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Mariners 2020 draft preview two-pack: SS Harold Coll & RHP Blade Tidwell

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A couple potential pop-up picks who fit Seattle’s mold.

Harold Coll on Instagram

Most of our draft previews have focused on possible first round picks, but today’s double feature will cover a couple prepsters who might be available for Seattle’s 3rd-to-6th picks of the draft.

SS Harold Coll - Georgia Premier Academy (HS) - Committed to University of North Carolina

Coll is one of the better known names in this draft beyond the first round, thanks to an appealing profile bolstered by an adept marketing push. That’s no knock on Coll, it’s a savvy play that would be great to see from more young players in building name recognition, but it’s remarkable to have easier access to high-quality video of an 18-year-old hitting triple-digits on throws across the diamond than it is to find useful clips of Jarred Kelenic in the outfield. Perhaps a big reason for that push is how dramatically Coll may have improved his physicality since he last took the field on the showcase circuit.

Coll has the arm to easily stick on the left side of the field, or anywhere on the field for that matter, with clips of him pumping it up over 100 mph across the diamond (to a skittish-at-best first baseman), and clocked at 97 mph at a Prep Baseball Report (PBR) showcase this spring. His hands are fluid and most reports on him see no reason he can’t be an above-average defensive shortstop at the big league level. His foot speed is adequate for the position, and while he’s not a burner, his focus this winter appears to have been on strength. He’s added a lot visually from late-2019 through this spring and now, and his swing is smoother than most for a high schooler.

There’s a lot to like in Coll, and if he were in the midst of a normal showcase circuit right now he could be pushing up draft boards and rankings. While he’s delivered at a top program in Georgia, the key knock on the 5’11, 185 lbs Coll was inconsistency at the dish in summer ball last year. FanGraphs notes he didn’t do damage to “40 fastballs”, a.k.a mid-to-upper-80s heat, and Baseball America worried about his breaking ball recognition with a propensity to chase. Though he’s gotten to his power in games at times, transporting that toolset from BP highlights to in-game impact is a question the pandemic robbed him from being able to more definitively answer for scouts.

The University of North Carolina commit should be available for Seattle at pick No. 64, though depending on how teams view him, he could be gone in that range or not until far later. What it will take dollar-wise to draw Coll out of his commitment will be the determinant for if he fits the bill for the Mariners, as a significant overslot deal would heavily impact much of the rest of their draft. For a system thin on impact middle infielders, Coll would immediately be near the top of the list, though he and Noelvi Marte might quickly have to jockey for minor league reps at shortstop in the near future.

RHP Blade Tidwell - Loretto HS (TN) - Committed to University of Tennessee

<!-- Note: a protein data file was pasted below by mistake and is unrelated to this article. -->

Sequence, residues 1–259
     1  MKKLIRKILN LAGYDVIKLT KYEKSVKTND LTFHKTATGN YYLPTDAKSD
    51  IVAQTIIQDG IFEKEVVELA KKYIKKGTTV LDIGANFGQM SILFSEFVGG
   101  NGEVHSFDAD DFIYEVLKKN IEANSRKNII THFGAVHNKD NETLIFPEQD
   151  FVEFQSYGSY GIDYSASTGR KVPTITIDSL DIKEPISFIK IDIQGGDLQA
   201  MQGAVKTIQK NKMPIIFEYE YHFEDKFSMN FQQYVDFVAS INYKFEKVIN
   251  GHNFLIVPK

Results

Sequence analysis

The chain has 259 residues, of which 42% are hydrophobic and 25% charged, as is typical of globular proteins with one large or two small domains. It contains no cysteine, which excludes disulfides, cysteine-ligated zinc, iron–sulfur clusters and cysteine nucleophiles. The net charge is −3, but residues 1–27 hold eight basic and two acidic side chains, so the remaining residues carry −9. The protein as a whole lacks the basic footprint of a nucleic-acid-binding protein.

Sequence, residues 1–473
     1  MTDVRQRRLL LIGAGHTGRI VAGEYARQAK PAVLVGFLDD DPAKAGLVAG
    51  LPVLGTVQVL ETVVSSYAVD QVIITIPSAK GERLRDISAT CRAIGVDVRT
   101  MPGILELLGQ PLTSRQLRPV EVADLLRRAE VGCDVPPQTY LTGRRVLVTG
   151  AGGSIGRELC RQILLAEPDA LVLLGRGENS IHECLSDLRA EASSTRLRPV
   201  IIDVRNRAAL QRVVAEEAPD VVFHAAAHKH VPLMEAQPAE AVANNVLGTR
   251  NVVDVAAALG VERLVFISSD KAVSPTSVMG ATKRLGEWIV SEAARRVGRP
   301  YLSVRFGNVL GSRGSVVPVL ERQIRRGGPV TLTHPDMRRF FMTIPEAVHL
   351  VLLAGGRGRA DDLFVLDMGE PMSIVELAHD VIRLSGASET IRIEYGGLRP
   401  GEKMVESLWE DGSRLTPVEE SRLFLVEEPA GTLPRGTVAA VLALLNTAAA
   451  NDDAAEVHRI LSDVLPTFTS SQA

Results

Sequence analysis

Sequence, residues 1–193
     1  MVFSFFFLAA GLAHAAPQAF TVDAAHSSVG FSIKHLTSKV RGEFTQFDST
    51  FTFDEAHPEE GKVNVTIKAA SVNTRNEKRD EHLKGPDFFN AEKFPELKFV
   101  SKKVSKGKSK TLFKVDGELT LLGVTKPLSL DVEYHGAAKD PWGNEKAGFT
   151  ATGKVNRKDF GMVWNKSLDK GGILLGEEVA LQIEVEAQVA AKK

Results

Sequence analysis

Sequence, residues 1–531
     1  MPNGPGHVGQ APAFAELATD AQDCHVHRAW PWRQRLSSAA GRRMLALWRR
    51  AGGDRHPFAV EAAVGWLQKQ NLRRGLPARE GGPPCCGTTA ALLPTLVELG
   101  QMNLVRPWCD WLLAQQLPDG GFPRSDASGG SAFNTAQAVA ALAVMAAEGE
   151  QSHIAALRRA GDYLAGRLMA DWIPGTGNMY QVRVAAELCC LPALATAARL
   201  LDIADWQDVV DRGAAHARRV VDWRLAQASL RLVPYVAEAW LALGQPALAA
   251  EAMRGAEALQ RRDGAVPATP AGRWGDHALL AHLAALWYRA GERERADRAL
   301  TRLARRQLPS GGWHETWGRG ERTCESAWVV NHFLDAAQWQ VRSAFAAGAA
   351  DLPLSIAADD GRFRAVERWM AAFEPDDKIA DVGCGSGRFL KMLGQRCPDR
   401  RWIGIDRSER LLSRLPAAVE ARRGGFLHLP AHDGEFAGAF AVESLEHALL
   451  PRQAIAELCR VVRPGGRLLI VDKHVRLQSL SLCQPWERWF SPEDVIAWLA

In prepping this week, I wanted to profile a couple players who could be considered “pop-up guys”. Staff writer Joe Doyle suggested Tidwell, who fits the profile to a tee, as a lesser-ranked prep arm whose late addition of velocity was enough to intrigue scouts, but the abbreviated season limited his chances to show just how much he’d improved. Last summer, Tidwell was a 6’4 prep RHP working 88-92 on his fastball, with a promising mid-70s curve and the occasional changeup. That you won’t find his name on multiple prospect lists is a testament to the enormity of the task of draft scouting in the best of times, to say nothing of these unprecedented circumstances. Tidwell comes in at No. 408 on Baseball America’s rankings (which, again, go subscribe, they wrote scouting reports on 500 players). Tidwell, however, looks like a different player this spring and summer.

With games back on in some parts of the country, Tidwell has gotten to show his growth, and it’s been impressive. Here’s a clip from one of his first outings back on the field.

And video from his performance today, with a good deal of run on his heater at above-average big league velocity (ignore the typo).

Tidwell’s high school, Loretto, is the alma mater of both current Padres prospect, LHP Ryan Weathers, and Ryan’s father, David Weathers, who had a 19-year MLB career as a pitcher. Tidwell has credited the elder Weathers as a mentor on improving his in-game mentality. The fastball-curve combo has worked well for Tidwell thus far as he threw a no-hitter in one of the few games before the high school season was cancelled this spring. He has the size teams love to project on and could easily add strength to stick in a rotation with improvements on his off-speed.

What’s left to see is how teams like the Mariners will handle these sorts of players. In years past, if a team felt they had a prep they were high on, they could often wait until after the first 10 rounds, then use some leftover slot money to make a more compelling offer above the $100k base limit on signing bonuses for rounds 11-40. The Mariners did this recently with Vancouver, WA RHP Damon Casetta-Stubbs, and to a lesser extent with players like young RHPs Dutch Landis, Tyler Driver, and Anthony Tomczak. Instead, with MLB’s hard $20k cap on signing bonuses beyond the draft itself, teams have locked themselves out of enticing most high schoolers to sign, knowing the signing bonus is the only time they’ll receive any meaningful pay until they make the majors. Unless Seattle is willing to go after Tidwell or someone similar with one of their precious six picks, they likely won’t have a chance to get them at all.